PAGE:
The majority of cross-stack TDLs require an optical purge, and due to the diameter of most TDL optical housings there is a large purge volume to fill and a sizable optical surface area to be kept clean. This leads to significant purge flow requirements, sometimes as much as 50 litres/min for each side. Such a high level of consumption obviously brings cost implications, and additionally introduces substantial quantities of diluent gas into the process stream, which may create process quality or other problems downstream.
For many processes it would be ideal if it were possible to easily employ a TDL analyser directly across a small bore process pipe. This is a challenge for the majority of in situ TDLs due to their size, weight, sensitivity and optical design limitations. Even the best instruments available are usually limited to a minimum pipe diameter of 12″ (DIN 300). This restriction often means that a suitable expansion pipe section has to be installed, which brings its own concerns (pressure reduction and reduced velocity), or a slipstream or bypass installation must be fitted.
Although the bypass approach can enable a cross-stack TDL to be installed on a small pipe, it is not an ideal solution. Firstly, in such an arrangement the optical purge on one side is working in the direction of process flow, while the other is working against the flow. This can lead to instability of the optical path length, which in turn will result in measurement error. Secondly, the purge gas will have a pronounced dilution effect on the process gas as it passes through the bypass arm, and there are other considerations such as process flow control effects, especially as the valves can introduce undesirable pressure drops in the line.
The final consideration is more subtle but nonetheless is an important phenomenon that is relevant to TDL technology. When a laser beam passes through gases at various temperatures and therefore different densities and indices of refraction, the beam will be diffracted at the interface where the density changes. When using a cross-stack TDL to analyse a hot gas stream, this is exactly what occurs, since typically there will be a non-homogeneous temperature distribution and in addition, a high flow rate of cold purge gas at each end of the optical path. This diffraction of the laser light is known as “beam steering” and contributes to signal noise. It affects the measurement stability of the analyser as well as potentially adding complications to the alignment process.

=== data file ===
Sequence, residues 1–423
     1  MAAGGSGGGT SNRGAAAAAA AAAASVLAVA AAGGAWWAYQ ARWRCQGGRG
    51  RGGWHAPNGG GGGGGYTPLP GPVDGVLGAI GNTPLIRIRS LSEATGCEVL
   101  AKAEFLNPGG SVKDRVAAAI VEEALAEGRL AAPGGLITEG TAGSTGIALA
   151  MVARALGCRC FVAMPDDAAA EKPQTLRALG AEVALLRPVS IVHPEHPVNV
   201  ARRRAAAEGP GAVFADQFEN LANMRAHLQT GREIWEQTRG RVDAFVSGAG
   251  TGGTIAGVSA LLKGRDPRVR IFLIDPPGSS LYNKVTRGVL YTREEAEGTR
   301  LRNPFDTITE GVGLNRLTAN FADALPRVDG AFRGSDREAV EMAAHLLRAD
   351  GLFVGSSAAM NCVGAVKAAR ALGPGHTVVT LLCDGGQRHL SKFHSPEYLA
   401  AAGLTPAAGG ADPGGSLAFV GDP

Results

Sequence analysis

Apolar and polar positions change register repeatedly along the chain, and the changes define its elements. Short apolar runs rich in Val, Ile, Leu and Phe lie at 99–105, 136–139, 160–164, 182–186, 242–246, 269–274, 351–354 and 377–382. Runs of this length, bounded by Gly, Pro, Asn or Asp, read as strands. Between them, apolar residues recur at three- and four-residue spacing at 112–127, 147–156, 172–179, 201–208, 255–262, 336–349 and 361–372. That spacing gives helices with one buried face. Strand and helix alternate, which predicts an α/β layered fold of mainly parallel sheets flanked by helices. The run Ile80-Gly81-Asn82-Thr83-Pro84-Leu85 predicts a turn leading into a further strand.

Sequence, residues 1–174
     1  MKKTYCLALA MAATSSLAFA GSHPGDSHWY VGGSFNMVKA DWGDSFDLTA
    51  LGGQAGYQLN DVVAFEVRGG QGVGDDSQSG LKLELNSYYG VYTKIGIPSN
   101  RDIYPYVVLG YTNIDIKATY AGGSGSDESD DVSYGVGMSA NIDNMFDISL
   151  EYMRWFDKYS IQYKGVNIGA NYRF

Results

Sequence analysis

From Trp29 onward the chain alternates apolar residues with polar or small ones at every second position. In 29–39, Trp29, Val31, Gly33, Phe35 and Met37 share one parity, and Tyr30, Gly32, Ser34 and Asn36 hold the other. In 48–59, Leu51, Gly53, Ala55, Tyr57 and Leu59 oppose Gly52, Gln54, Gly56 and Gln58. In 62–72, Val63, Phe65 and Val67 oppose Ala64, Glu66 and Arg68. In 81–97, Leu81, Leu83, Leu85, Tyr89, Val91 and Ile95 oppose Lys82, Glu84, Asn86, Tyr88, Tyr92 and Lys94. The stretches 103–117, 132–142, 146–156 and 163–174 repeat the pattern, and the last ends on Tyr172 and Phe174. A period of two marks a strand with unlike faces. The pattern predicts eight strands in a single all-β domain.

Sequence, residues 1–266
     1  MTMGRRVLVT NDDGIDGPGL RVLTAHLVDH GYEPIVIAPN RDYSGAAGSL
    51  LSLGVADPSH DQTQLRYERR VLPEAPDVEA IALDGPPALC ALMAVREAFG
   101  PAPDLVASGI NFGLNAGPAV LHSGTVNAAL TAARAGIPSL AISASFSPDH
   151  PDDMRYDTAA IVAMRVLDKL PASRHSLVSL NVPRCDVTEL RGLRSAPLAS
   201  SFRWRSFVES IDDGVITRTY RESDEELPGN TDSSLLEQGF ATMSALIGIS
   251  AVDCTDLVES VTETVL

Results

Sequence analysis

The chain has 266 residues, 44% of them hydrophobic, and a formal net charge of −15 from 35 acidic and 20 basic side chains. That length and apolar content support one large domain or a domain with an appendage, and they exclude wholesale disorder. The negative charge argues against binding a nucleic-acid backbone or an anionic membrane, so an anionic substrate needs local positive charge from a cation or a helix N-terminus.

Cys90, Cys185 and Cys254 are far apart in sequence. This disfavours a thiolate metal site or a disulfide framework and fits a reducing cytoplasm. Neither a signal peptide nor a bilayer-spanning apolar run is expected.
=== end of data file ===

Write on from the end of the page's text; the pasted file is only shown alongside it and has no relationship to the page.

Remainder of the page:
As can be seen in Figure 2, beam steering leads not only to loss of received energy at the detector, but importantly, laser energy will arrive at the receiver from various optical paths and some rays may even miss the detector entirely. The cumulative effect is random fluctuations of the laser beam at the receiver and therefore noise on the signal. In addition, the multiple signal paths further contribute to increased signal noise and measurement instability. In general, beam steering increases with temperature and pressure in the process and also with the length of the optical path through the hot gas. Even if there is no cold purge gas, beam steering can still cause a significant decrease in measurement quality.
Make the analyser fit the process
Where can choices be made to overcome the limitations outlined above? As a general rule a reduction in the weight of the TDL can go a long way to eliminating concerns regarding alignment stability and the use of TDLs in tight spaces. Some lighter cross-stack analysers are available, but they still require alignment, which can become more difficult if the optics and beam diameter have also been reduced. There also still needs to be opposing flanges fitted across the pipe and significant volumes of purge gas.
There is an alternative to cross-stack devices. For the majority of process applications, a folded-path TDL (where the laser beam from the sensor head is reflected back to a receiver also in the sensor head) offers a host of advantages:
- Transmitter and receiver in a single unit and no need for an expensive interconnecting cable.
- Usually single flange installation.
- No tricky alignment across the pipe or vessel.
- Reduction in purge gas requirement.
- Small size, so easy to install in tight spaces.
- Greater accuracy (as the laser beam passes through the sample twice).
- Lightweight design removes stress on flanges and seals.